In each of the constructions shown in FIGS. 2 through 6 the membrane could be used either to maintain the dryness of the electrodes in a dry, charged battery or to prevent the spilling of leaking of electrolyte from beneath the membrane in a wet battery. The remainder of the discussion will focus on another possible function of the membrane, that of a component of an electrolyte storage compartment which permits storage of electrolyte above the membrane in each cell compartment.

FIGS. 2 through 6 illustrate several of many possible battery constructions which may use the membrane to provide an internal electrolyte storage compartment. Each illustration shows the common feature of the membrane between the container and the cover, the membrane being sealed to the exterior and interior walls of both the container and the cover. Among the considerationsin battery design illustrated by FIGS. 2 through 6 are'the ability to get the electrolyte into the storage compartment after the container, cover, and membrane are sealed together; the ability to keep electrolyte from spilling out of the storage compartment before the membrane is opened; the ability to add water to the cell compartments beneath the storage compartments before the membrane is opened to release the electrolyte; and the ability of gases generated by the battery when in u'seto be exhausted to the exterior of the battery.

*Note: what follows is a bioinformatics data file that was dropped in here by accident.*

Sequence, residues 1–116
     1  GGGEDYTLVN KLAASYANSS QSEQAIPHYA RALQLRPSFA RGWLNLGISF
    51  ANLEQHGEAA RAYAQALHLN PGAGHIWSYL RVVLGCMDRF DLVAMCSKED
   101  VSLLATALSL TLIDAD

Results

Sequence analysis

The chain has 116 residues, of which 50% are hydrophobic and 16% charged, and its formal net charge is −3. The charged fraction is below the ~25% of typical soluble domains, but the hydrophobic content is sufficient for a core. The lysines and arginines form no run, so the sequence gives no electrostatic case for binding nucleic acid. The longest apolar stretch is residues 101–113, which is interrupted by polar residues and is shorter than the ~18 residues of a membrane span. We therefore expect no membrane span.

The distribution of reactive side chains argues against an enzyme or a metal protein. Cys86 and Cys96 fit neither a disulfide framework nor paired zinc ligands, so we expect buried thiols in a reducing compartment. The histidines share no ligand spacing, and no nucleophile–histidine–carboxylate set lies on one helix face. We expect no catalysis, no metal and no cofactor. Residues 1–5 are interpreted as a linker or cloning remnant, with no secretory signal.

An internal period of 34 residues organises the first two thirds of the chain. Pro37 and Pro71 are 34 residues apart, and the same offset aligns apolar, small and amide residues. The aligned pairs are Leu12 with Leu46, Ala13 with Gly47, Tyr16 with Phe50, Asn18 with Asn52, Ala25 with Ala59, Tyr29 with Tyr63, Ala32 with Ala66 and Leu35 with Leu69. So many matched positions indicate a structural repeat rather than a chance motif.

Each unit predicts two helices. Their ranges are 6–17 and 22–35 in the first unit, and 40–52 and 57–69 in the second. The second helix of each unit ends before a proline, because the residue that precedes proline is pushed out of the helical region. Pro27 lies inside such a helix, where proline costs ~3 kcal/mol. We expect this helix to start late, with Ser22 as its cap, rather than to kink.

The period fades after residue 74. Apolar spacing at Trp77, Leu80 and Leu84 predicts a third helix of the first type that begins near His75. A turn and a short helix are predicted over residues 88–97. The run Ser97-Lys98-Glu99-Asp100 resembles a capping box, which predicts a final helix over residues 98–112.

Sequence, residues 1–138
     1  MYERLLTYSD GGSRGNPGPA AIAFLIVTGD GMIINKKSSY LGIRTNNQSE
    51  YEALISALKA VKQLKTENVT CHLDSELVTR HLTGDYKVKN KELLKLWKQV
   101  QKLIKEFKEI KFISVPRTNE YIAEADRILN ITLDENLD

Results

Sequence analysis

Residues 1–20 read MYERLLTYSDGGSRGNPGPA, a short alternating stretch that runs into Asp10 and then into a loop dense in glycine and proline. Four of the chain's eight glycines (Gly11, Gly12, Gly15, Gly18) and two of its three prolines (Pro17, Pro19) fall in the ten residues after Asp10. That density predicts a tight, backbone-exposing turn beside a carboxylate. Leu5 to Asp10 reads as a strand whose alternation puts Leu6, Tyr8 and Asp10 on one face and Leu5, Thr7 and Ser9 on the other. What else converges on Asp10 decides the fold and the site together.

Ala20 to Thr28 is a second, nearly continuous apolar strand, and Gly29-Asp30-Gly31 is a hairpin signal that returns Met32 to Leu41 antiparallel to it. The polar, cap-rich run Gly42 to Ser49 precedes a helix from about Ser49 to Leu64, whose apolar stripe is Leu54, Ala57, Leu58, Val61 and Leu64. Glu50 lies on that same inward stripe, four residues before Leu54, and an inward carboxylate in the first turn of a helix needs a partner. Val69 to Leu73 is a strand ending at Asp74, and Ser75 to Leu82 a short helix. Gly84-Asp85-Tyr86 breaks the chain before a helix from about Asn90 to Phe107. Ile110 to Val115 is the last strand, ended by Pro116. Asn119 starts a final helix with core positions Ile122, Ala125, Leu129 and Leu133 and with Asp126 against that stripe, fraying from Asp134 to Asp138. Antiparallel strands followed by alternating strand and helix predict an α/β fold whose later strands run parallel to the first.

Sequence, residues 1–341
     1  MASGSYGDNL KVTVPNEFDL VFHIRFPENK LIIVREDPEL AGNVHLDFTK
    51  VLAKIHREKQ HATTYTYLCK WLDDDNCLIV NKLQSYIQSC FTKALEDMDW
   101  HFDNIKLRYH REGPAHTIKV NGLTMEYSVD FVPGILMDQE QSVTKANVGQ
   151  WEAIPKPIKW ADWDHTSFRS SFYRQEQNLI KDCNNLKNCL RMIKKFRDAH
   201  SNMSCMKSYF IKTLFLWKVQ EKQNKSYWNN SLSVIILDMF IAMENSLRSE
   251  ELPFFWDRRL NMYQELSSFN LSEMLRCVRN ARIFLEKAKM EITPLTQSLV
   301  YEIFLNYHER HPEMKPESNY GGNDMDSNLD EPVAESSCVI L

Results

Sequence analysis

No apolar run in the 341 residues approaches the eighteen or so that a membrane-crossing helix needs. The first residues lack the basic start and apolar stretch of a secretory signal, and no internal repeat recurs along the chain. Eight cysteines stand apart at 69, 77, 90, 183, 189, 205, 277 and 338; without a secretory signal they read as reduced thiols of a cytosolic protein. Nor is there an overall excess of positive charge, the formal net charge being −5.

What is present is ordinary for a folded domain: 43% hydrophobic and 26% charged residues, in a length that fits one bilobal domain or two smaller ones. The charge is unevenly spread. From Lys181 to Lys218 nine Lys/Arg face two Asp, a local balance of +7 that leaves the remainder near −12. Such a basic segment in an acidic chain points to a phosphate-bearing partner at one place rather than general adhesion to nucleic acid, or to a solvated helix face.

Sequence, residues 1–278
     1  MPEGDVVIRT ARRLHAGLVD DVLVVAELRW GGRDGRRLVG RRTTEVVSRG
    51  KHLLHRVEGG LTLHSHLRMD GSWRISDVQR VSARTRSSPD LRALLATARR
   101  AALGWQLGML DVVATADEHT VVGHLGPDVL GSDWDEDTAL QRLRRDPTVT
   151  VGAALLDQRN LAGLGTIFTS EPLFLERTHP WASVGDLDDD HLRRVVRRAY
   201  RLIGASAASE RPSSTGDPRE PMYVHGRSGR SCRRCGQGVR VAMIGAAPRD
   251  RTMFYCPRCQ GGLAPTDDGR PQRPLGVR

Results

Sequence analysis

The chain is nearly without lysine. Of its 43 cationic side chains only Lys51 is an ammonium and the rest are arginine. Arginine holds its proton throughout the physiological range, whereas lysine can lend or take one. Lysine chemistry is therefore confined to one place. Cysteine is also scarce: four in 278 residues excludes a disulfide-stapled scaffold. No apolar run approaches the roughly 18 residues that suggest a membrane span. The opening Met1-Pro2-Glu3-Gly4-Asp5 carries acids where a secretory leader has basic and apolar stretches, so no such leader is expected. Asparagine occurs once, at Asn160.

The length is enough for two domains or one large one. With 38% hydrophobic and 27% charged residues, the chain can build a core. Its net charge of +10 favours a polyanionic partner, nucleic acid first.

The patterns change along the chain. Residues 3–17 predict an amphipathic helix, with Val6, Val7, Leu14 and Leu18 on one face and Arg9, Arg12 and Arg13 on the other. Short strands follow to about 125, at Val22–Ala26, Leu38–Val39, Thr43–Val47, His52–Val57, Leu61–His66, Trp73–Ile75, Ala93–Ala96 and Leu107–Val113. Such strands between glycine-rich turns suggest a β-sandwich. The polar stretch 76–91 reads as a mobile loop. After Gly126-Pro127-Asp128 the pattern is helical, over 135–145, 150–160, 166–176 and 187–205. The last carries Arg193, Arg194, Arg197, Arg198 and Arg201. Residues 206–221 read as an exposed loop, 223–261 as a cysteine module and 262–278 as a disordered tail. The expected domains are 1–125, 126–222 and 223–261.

FIG. 2 is a cross section showing the cover 26 and membrane 30 after they have been sealed to the container 10. The vent well 27- in the cover has a pair of slots 34 which have been conventionally provided in vent wells for the purpose of permitting gases generated by the battery to escape rather than be trapped below the upper surface of the cover. In addition to serving this conventional function after battery activation, the slots '34 .will also permit the escape of air from the electrolyte storage compartment while the electrolyte is being added. To prevent escape of electrolyte, from the storage compartment before activation a vent plug may .be' fitted into the vent well 'or some small membrane may be sealed across the top of the vent well; neither the vent plug nor the small membrane appears in FIG. 2. Note in FIG. 2 that there is no opportunity for water to be added to the cell compartment 16' before the membrane 30 is opened to release the stored electrolyte; this construction maybe used where the concentration of the electrolyte stored in the compartment 32 is such that it will not damage the separators below without. first being diluted. Water could be added to the battery after the membrane '30 is opened. if desired.